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Computer-Mediated Communication in Personal Relationships

Edited By Kevin B. Wright and Lynne M. Webb

This is the first collection of readings on computer-mediated communication focusing exclusively on interpersonal interactions. Examining messages exchanged via email, Twitter, Facebook, websites, and blogs, the authors analyze communication issues of ongoing importance in relationships including deception, disclosure, identity, influence, perception, privacy, sexual fidelity, and social support. The book examines subjects that attract intense student interest – including online performance of gender, online dating, and using computer-mediated communication to achieve family/work life balance – and will inspire further research and course development in the area of computer-mediated communication in personal relationships. Because it provides a synthesis of ideas at the nexus of interpersonal communication theory and computer-mediated communication theory, the book can serve as a textbook for advanced undergraduate as well as graduate courses.
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11. The More Things Change, the More They Stay the Same: The Role of ICTs in Work and Family Connections (Paige P. Edley / Renée Houston)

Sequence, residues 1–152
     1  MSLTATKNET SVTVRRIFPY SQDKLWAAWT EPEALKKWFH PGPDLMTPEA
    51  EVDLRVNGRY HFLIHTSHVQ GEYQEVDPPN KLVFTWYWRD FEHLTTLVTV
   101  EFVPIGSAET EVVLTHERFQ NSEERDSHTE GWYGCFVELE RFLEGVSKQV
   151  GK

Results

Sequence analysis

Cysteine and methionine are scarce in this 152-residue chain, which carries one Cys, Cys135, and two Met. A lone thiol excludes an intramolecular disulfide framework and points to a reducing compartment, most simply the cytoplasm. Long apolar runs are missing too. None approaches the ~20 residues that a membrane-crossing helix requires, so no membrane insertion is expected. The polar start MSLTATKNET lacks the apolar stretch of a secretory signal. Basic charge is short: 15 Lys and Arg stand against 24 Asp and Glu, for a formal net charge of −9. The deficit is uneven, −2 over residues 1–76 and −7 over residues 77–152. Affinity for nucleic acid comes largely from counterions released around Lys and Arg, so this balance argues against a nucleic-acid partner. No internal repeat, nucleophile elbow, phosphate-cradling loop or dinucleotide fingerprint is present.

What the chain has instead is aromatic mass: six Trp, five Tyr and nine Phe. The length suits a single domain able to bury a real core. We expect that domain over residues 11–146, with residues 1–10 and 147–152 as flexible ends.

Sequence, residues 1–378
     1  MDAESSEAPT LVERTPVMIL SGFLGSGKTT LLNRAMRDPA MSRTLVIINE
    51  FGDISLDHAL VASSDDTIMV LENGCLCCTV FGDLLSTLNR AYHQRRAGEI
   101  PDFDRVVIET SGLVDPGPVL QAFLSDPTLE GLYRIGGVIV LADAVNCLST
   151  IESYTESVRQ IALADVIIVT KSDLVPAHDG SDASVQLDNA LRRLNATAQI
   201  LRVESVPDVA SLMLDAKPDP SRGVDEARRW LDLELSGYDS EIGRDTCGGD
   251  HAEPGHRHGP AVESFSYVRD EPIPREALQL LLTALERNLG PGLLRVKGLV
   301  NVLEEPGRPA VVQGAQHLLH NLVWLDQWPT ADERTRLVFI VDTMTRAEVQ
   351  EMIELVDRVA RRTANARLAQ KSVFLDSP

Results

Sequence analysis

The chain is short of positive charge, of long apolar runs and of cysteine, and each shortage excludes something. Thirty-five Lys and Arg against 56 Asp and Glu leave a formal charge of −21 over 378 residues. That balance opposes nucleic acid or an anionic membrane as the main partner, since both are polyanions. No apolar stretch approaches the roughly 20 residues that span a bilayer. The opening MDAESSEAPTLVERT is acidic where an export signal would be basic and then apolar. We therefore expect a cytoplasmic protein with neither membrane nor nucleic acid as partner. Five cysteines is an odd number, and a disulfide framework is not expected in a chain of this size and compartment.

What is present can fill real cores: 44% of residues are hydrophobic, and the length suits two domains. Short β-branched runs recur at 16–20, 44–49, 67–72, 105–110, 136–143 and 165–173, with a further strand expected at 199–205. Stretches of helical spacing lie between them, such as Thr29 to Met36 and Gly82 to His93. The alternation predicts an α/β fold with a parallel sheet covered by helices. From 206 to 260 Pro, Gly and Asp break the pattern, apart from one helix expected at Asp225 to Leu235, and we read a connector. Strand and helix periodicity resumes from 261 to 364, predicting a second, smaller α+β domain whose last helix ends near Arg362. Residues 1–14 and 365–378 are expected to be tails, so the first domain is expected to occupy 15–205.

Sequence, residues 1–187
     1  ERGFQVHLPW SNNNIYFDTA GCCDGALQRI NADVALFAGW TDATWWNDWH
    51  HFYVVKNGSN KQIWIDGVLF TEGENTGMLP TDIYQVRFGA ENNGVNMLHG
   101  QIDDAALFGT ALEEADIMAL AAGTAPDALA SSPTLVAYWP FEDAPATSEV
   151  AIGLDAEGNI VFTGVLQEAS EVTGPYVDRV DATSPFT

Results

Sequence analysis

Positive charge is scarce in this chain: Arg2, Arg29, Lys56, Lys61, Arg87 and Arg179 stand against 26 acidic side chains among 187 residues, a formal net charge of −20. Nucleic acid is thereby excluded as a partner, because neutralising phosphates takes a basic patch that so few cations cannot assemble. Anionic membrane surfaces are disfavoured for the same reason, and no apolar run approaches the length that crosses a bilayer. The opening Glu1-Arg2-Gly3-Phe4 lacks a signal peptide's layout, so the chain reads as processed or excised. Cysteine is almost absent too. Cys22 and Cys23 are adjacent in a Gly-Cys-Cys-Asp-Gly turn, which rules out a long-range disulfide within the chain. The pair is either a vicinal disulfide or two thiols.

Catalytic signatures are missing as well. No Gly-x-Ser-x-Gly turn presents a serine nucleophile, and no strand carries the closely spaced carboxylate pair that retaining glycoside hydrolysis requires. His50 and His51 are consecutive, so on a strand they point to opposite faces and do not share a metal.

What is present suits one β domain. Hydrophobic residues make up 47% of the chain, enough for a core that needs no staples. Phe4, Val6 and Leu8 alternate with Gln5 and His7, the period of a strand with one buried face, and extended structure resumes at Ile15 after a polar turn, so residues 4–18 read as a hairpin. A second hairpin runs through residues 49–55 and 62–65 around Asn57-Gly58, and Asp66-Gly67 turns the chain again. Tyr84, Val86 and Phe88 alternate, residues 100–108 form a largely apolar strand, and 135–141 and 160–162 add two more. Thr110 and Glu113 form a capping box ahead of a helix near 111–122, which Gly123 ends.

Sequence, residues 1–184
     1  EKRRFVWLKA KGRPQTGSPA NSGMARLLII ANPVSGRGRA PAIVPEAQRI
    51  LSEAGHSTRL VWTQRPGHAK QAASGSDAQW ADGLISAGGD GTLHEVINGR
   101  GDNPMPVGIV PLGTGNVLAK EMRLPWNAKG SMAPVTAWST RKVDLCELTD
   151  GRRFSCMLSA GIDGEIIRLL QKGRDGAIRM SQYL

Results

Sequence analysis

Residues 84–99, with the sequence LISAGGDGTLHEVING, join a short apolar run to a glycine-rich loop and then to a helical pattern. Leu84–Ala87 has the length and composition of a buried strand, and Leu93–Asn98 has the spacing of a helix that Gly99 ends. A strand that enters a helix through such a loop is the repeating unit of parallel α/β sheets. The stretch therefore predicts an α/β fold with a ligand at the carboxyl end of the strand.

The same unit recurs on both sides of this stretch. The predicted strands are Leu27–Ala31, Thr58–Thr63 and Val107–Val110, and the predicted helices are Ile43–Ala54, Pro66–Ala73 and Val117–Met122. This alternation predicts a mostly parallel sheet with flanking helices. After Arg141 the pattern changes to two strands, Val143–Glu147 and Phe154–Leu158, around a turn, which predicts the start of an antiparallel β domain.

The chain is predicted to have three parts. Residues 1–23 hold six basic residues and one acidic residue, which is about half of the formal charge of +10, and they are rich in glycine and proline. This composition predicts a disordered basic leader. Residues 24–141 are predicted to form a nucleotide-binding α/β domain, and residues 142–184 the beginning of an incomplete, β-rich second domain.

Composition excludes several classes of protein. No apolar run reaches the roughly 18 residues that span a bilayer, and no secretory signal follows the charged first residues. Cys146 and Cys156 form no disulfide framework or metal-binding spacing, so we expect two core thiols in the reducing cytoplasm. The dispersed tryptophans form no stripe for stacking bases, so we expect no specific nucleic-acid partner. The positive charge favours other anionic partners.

The More Things Change, the More They Stay the Same: The Role of ICTs in Work and Family Connections

Paige P. Edley

Renée Houston

The ubiquitous presence of information communication technology (ICT) offers working families opportunities to reassign, privilege, and attend to the intersections of work and family (Bryant & Bryant, 2006). Amidst increasing connectedness and perpetual development, ICTs allow men and women to engage in paid work from home, run their own businesses from a home office, and work at the office while keeping close ties with latchkey kids via mobile phones. Mobile ICTs bring work into the home and home into work. Wireless laptops, mobile network cards, flash drives, email, and smart phones (previously referred to as PDAs), like BlackBerry and iPhone, that combine mobile phones with Internet and web access for downloading applications (apps) for music, global positioning systems (GPS), calendars, email, and social networking (Facebook, Twitter, Linkedin, etc.) constitute what Weiser (1995; cited in Quesenberry & Trauth, 2005) referred to as “ubiquitous computing”—discreet computers that are so naturally interspersed into our everyday lives that they are deemed invisible and normal. They are considered an extension of the self (Lemish & Cohen, 2005), a fashion accessory (Gant & Kiesler, 2001; Green, 2003; Ling, 2003, 2004; Hulme & Peters, 2001; Katz et al., 2003; Lobet-Maris, 2003; Skog, 2002; all cited in Campbell, 2007; Wei & Lo, 2006), a second skin (Katz, 2003; Katz & Aakhus, 2002)...

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